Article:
Why we celebrate Diwali in the workplace (and why you should too!)

Diwali, the Hindu Festival of Lights, has been a fixture on the MYOB calendar for a decade and it’s only growing in popularity.

Signifying the victory of light over darkness, the event traditionally includes many lights, lamps and fireworks, while participants dress in their finest outfits, participate in prayers, feast and exchange gifts between family and close friends.

As an official holiday, Diwali is celebrated from Sri Lanka to Singapore, Mauritius to Myanmar and even Trinidad and Tobago – so it should come as no surprise that it’s popular among many Australians as well.

But how did it get started at MYOB?

Diwali at MYOB: launching a new tradition

Beginning as a discussion among several MYOB employees of Indian origin at our Burwood office, the first MYOB Diwali took place 10 years ago as something of an experiment.

MYOB Client Manager Pavan Chandra, who has led the MYOB Diwali Committee from the very beginning, described the motivation for the first MYOB celebration of Diwali as a way to “introduce colleagues of other backgrounds to Indian culture”.

“We put some money together to buy some Indian delicacies and dressed up in our festival outfits for the celebration,” Chandra told The Pulse.

“We were elated to see everyone’s involvement in the event, so we decided to make sure it was even bigger the following year.”

With each passing year, more people become actively involved with the celebration, and activities like henna tattooing, sari and turban draping have all been added to the line-up.

Office culture as a reflection of shared values

There’s no single reason why Diwali’s seen such success as an office-based event; for some it’s the connection to a culture tradition, for others it’s a learning experience and (of course) everyone agrees it’s good fun.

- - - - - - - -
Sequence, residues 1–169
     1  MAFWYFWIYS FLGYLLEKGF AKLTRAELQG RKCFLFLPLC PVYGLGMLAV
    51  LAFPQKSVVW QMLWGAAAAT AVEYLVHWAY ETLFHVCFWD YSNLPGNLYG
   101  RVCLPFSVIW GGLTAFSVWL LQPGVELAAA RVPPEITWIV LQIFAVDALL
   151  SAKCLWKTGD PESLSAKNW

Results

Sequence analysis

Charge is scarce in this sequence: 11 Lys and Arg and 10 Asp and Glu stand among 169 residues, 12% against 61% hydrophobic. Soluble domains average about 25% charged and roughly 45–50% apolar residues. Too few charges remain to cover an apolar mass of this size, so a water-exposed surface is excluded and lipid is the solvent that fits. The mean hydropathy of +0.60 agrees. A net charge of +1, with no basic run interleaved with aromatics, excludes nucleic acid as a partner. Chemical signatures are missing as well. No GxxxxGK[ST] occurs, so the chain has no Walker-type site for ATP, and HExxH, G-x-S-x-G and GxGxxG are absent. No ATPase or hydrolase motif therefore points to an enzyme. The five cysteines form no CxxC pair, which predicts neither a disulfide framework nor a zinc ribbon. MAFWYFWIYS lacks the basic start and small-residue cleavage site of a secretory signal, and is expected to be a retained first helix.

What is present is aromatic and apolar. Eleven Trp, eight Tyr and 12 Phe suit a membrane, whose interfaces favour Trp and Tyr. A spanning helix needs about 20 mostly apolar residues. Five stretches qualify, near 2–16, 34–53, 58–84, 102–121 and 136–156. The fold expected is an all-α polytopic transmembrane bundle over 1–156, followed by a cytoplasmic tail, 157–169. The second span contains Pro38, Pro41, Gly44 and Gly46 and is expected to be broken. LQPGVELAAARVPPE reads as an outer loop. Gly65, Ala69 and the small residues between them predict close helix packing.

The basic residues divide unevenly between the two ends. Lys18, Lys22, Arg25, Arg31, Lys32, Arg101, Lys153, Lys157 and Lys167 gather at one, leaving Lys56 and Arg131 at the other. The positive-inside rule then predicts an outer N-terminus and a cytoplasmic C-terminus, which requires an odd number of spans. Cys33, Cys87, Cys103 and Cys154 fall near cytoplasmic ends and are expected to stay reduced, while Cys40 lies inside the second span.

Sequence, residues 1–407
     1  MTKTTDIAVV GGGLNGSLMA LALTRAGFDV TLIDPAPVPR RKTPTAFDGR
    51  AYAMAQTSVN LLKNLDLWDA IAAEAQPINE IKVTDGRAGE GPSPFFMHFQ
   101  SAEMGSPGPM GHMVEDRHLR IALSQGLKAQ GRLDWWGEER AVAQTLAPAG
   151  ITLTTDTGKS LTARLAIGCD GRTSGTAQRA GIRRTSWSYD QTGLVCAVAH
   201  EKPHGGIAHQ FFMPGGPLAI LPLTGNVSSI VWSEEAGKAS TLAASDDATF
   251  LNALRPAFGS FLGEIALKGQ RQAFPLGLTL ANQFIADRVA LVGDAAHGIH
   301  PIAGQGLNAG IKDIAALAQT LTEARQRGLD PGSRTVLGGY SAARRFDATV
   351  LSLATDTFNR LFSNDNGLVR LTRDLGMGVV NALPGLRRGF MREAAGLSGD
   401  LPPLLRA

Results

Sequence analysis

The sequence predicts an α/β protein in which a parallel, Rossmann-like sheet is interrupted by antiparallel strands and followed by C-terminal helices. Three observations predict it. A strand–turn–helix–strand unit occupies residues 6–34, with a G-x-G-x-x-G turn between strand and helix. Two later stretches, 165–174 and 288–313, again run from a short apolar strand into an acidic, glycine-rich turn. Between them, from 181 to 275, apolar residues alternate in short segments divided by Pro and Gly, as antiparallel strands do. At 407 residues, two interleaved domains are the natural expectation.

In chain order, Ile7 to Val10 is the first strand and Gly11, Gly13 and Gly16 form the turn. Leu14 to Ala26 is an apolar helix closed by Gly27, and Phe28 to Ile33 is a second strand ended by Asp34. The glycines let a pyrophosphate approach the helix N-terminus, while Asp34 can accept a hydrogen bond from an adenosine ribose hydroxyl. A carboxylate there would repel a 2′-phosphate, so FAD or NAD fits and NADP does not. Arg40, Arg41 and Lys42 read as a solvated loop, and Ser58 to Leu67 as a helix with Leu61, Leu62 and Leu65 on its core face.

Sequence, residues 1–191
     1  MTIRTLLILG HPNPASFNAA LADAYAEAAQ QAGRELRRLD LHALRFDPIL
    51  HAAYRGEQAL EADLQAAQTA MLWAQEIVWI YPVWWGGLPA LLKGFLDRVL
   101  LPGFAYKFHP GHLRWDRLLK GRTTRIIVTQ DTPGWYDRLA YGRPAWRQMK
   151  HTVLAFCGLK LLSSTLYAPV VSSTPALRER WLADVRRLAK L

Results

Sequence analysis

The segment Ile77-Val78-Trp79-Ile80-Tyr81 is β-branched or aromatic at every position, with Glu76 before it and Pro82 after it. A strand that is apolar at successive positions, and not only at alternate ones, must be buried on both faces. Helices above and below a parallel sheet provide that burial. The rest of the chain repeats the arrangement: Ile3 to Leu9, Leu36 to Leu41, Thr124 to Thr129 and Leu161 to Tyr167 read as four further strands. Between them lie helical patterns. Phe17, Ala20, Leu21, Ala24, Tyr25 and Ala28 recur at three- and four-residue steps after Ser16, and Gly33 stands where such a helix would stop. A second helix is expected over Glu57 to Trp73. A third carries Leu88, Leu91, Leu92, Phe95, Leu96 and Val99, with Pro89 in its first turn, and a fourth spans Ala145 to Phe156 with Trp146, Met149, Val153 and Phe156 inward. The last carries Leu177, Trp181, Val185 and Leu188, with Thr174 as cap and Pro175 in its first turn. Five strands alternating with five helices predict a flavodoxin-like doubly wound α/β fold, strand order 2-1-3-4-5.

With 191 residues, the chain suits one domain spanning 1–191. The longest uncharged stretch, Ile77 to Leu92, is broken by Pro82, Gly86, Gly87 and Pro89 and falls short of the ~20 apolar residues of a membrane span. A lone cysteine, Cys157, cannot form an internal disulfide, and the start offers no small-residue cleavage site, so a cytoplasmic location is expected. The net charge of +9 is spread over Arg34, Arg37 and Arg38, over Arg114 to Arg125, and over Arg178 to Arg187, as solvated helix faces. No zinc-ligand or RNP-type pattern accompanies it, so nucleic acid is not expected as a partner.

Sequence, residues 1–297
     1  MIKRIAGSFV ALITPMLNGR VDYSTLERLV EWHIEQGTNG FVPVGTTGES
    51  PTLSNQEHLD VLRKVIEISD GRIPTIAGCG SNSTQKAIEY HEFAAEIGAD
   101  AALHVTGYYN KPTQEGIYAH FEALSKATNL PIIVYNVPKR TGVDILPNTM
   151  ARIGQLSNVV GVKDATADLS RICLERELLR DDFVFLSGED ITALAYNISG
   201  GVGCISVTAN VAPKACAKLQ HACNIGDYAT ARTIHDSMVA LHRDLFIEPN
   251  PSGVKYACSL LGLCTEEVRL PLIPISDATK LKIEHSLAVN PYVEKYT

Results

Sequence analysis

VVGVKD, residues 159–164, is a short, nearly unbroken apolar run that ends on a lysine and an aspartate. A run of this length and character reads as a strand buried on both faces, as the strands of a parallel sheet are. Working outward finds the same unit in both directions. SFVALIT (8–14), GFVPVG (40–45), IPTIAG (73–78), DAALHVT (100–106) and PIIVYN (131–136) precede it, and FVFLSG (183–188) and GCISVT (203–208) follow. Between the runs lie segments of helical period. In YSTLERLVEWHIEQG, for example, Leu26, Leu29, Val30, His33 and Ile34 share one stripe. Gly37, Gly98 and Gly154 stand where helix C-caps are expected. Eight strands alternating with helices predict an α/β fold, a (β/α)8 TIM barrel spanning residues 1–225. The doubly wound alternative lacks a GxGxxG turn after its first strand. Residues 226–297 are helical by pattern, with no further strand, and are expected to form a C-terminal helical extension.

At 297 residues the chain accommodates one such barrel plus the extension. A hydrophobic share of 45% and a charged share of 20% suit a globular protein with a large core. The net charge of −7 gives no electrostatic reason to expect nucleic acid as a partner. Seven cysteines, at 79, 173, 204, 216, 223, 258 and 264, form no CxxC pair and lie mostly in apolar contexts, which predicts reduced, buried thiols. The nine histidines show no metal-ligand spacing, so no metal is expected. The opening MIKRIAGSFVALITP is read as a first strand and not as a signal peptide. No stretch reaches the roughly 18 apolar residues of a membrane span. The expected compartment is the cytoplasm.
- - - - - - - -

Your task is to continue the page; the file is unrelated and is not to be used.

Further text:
However, after MYOB’s Chief Financial Officer Richard Moore had the pleasure of hosting the event in 2016, he developed insight into why Diwali is such a good fit in the office from a leadership perspective.

“MYOB employs more than 1500 talented and diverse people,” Moore explained. “We aim to provide an open and inclusive culture for people with a range of cultural and religious beliefs, and the MYOB Diwali celebrations reflects that.”

“I personally found the event enlightening (excuse the pun!), and I learned a lot about a culture and festival that I didn’t know much about previously. I would hope that others also found the event fun and informative.

“From the organisation’s standpoint, it helps promote diversity and engagement – the event last year was extremely well attended and feedback was very positive.”

By celebrating a popular cultural holiday on a ‘normal’ work day, MYOB has created a way that all of its employees can participate.

The power of this kind of workplace initiative can be easily gauged by the reactions of MYOB participants from cultural backgrounds that wouldn’t normally observe Diwali.

MYOB Acquisition Sales Team Manager Michelle Carlin Day said that she now looks forward to Diwali as a major feature of the working calendar, as “each year’s event is better than the last”.

“Everyone is able to participate in some way, either by getting traditional outfits from their friends and dressing up, receiving a henna tattoo, trying out a turban or sari, or even just eating some Indian snacks,” said Day.

“There were lots of ways for anyone to get involved as much or as little as they wanted to and it was really inspiring to see how so many people get behind it.”

Doing Diwali your way

If your office is crying out for its own cultural celebration, whether it’s Diwali or something else entirely, there are a few things to sort out before you whip out the decorations.

  1. Allow leadership from within the workforce – like our own Diwali day, cultural celebrations should be ideally driven by passionate workers to ensure the event is both wanted and not seen as insensitive to other cultures
  2. Facilitate a volunteer organising committee – passionate cultural leaders can be empowered to dedicate their time to working out the logistics and finances of the event. Even our Diwali events have their own business case and budget!
  3. Timing is everything – set boundaries on where and when the event is held to ensure there’s no clash with especially busy times or teams. These events should ideally improve productivity, not hamper it

This year, MYOB will be celebrating Diwali on Friday, 13 October while the international holiday will actually run for five days, 19-23 October.